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Iodine distribution in the Australian sector of the Southern Ocean and its relation to new production and water masses

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Brandão, Ana Cláudia(Ana Cláudia Moreira) (2001) Iodine distribution in the Australian sector of the Southern Ocean and its relation to new production and water masses. PhD thesis, University of Tasmania.

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Abstract

The distribution of iodate and iodide was studied in seawaters from the Australian
sector of the Southern Ocean and Antarctic coastal waters. Most samples were
collected along the WOCE repeat section SR3, from Tasmania to Antarctica, during
one winter and two summer cruises. Two other transects were also sampled, the
WOCE S4 (Australian sector) and the Princess Elizabeth Trough. Iodide was
determined directly by matrix-elimination ion chromatography with post-column
reaction detection using a new method developed for this work. The detection limit
of the method was about 6 nM, with a relative standard deviation better than 4 % at
40 nM (n=5).
Iodate concentration in surface waters increased from Tasmania to Antarctica, with
the most dramatic increase occurring along the Subtropical Front, which separates
Subtropical from Subantarctic waters at approximately 46°S. Iodide concentration in
surface waters showed the opposite trend. Iodide concentration in Antarctic surface
waters during summer was below 40 nM, with the lowest measured surface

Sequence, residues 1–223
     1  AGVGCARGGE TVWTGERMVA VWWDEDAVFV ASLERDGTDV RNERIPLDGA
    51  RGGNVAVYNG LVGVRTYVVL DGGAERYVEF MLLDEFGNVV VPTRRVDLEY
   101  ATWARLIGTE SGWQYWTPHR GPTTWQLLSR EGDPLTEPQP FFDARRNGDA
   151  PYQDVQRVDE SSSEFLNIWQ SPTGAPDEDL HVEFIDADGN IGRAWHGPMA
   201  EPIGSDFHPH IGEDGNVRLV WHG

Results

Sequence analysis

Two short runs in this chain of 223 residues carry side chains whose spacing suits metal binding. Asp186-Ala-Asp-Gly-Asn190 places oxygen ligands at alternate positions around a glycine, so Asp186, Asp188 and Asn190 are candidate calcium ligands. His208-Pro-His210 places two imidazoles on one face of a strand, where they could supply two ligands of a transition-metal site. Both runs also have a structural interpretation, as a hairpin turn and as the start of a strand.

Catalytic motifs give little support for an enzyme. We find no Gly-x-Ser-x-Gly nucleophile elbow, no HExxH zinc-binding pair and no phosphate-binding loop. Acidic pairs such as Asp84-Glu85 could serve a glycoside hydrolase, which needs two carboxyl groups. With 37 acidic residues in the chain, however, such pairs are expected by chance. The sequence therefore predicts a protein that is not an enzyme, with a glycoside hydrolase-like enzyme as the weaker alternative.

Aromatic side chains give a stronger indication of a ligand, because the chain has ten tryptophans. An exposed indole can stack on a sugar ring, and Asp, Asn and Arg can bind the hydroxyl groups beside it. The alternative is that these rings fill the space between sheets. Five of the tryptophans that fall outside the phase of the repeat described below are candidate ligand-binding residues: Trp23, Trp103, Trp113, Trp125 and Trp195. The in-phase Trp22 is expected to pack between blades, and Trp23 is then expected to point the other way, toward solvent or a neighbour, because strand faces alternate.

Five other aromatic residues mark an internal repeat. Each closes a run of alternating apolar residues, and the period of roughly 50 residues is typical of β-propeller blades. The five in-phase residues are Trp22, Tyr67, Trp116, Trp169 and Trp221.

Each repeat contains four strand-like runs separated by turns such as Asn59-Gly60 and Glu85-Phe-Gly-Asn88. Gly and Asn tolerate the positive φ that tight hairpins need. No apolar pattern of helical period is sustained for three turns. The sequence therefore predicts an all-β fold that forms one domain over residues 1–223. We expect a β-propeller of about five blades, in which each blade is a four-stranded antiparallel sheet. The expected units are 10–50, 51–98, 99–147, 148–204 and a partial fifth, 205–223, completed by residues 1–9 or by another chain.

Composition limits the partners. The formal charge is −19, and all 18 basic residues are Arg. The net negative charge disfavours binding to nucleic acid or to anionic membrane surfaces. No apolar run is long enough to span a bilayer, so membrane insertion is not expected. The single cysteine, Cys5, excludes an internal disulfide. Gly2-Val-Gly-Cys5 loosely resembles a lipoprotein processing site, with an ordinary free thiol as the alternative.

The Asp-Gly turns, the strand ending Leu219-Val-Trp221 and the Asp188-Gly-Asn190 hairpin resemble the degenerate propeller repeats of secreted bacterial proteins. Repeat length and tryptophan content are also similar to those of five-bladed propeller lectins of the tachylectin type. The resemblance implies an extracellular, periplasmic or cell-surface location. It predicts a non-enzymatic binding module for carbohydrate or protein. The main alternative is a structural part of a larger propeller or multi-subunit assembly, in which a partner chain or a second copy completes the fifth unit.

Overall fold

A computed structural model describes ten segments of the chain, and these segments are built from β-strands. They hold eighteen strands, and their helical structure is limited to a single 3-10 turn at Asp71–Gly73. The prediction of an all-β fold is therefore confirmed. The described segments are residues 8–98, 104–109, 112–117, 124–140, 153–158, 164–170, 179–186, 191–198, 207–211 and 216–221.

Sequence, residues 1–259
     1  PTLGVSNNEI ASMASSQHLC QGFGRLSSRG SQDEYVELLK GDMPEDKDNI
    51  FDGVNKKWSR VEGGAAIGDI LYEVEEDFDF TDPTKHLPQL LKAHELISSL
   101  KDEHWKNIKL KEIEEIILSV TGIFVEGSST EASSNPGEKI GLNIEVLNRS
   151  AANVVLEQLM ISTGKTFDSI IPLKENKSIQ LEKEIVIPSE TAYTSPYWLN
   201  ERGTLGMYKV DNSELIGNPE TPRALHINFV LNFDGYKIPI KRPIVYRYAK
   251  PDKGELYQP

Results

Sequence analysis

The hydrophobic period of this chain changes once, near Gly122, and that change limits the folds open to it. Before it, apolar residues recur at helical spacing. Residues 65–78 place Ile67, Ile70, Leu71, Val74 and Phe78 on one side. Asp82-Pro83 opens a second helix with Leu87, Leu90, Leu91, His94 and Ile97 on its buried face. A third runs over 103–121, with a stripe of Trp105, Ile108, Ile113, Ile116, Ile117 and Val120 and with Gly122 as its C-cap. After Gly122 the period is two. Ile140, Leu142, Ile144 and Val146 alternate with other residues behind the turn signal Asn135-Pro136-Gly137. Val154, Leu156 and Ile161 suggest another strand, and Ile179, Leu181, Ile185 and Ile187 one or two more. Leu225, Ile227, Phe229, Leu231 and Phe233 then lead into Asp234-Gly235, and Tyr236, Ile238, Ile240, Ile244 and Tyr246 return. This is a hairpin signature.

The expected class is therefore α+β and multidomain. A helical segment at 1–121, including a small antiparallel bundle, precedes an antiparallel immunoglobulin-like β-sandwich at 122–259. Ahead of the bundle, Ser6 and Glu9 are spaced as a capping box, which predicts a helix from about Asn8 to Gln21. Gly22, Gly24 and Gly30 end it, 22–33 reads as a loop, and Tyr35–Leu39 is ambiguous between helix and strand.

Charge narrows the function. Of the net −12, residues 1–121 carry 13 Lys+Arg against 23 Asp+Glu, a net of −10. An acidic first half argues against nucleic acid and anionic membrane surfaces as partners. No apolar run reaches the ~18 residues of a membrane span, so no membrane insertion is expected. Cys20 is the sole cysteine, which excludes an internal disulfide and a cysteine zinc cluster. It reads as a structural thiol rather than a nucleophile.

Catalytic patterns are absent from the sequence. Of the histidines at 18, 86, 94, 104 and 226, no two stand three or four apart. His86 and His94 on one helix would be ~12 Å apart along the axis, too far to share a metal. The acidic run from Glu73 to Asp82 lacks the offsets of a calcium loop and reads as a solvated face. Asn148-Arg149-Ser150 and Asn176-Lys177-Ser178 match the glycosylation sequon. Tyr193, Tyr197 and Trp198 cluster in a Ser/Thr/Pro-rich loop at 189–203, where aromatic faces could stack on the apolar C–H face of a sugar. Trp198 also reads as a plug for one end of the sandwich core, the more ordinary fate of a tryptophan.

concentration of 15 nM, one of the lowest ever recorded for the region. This was the
first iodine study ever conducted in the Australian Sector of the Southern Ocean that
included samples from Subtropical, Subantarctic and Antarctic regions.
Along the SR3 transect, iodate concentration in surface waters decreased from winter
(July) to summer (January), presumably due to biological uptake. Differences in
iodide concentration during the same period were not observed. Depth-integrated
average iodate depletion in surface waters from winter to summer varied from
0.08 mmol m-2 in the Antarctic Zone north of the 64°S to 2.5 mmol m-2 in the
Subtropical Zone. Annual differences were also noticed. As iodate showed good
correlation with nitrate in surface waters, depth-integrated iodate depletion was
related to carbon production and used, for the first time, to estimate seasonal primary
production in different zones within the Southern Ocean. Average estimated seasonal
production values estimated from iodate depletion from July to January were:
3,684 mmol C m-2 for the Subantarctic Zone, 696 mmol C m-2 for the Polar Frontal
Zone, 496 mmol C m-2 for the Antarctic Zone north of 64°S, and 2,659 mmol C m-2
for the Antarctic Zone south of 64°S. These values are within ranges found in the
literature.
Iodate concentration generally increased from the surface to deep waters. South of
60°S, however, a decrease in iodate concentration below 1000-m depth was also
observed. This decrease is reported here for the first time and was related to the
presence of Antarctic Bottom Water (AABW). Iodate concentration in AABW
appeared to be significantly smaller than iodate concentration in the Circumpolar
Deep Water above and it is suggested that iodate could perhaps be used as an
independent tracer of AABW inside the Australian Antarctic Basin.

Item Type: Thesis (PhD)
Keywords: Iodine compounds, Seawater, Seawater, Ocean circulation
Copyright Holders: The Author
Copyright Information:

Copyright 2001 the Author - The University is continuing to endeavour to trace the copyright
owner(s) and in the meantime this item has been reproduced here in good faith. We
would be pleased to hear from the copyright owner(s).

Additional Information:

Thesis (Ph.D.)--University of Tasmania, 2001. Includes bibliographical references

Date Deposited: 25 Nov 2014 00:50
Last Modified: 21 Jun 2016 01:21
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